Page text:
Coverage

Author:George Rutherglen
Pages:86
 
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The coverage of Title VII raises numerous issues of varying significance. Section 701 makes Title VII applicable to all employers with fifteen or more employees in an industry affecting commerce; all labor organizations in an industry affecting commerce; and all employment agencies that regularly provide employment to statutorily defined employers.[411] The statutory definition of "employer" includes state and local government, but excludes the United States and related entities, Indian tribes, and certain private membership clubs.[412] The exception for the United States and related entities is largely, but not entirely, offset by the special provisions for coverage of employees of the United States.[413]

Section 701 reflects diverse concerns, such as protecting the freedom of association of smaller employers, or at least leaving them to be regulated only by state law; recognizing the greater ability of larger employers to comply with a complex statutory scheme; and providing a special remedy for federal employees consistent with the remedies available under the civil service system. The limit on the size of employers, together with provisions in the Civil Rights Act of 1991 limiting liability for damages based on the size of the employer, have led most of the circuits to hold that individual agents of an employer are not covered by the statute at all.[414] This issue has been most frequently litigated in sexual harassment cases, in which the plaintiff has sued both the employer and a supervisor who has allegedly engaged in harassment.[415]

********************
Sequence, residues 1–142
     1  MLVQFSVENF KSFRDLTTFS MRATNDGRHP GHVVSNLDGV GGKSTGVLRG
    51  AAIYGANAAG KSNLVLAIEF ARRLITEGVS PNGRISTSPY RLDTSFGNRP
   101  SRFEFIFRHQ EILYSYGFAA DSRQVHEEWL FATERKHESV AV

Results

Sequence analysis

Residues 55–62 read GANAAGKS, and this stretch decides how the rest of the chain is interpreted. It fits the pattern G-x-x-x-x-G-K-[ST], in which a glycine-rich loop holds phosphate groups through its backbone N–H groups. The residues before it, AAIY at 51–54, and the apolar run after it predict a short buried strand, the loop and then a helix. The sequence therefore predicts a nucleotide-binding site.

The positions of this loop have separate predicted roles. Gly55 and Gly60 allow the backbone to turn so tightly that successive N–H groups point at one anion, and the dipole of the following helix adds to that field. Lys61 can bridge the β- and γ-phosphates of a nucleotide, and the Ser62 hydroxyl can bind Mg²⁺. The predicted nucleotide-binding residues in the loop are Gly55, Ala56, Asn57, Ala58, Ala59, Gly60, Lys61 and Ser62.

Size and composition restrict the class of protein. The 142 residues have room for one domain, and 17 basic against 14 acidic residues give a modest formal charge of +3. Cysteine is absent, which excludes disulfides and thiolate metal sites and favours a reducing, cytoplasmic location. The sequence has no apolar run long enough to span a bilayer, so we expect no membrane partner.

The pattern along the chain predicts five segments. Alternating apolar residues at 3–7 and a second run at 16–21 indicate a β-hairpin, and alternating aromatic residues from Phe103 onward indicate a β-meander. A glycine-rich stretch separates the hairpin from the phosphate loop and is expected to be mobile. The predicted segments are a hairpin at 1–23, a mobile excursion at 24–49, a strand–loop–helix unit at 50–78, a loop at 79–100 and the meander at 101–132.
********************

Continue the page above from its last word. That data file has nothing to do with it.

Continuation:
Apart from routine litigation over the question whether an employer has fifteen or more employees,[416] most of the questions about coverage have addressed two additional issues of general significance: whether Title VII extends to all aspects of employment and whether it extends to employees who work outside the United States. The first question has been resolved in favor of coverage, reaching such conditions and benefits from employment as eligibility for partnership in a law firm[417] and pension benefits.[418] The question of coverage of employees working overseas was first resolved by the Supreme Court against coverage,[419] but this decision was overruled by the Civil Rights Act of 1991, which explicitly extends coverage to American citizens employed overseas by American employers and corporations controlled by such employers.[420] This extension of coverage is subject to a defense that compliance...

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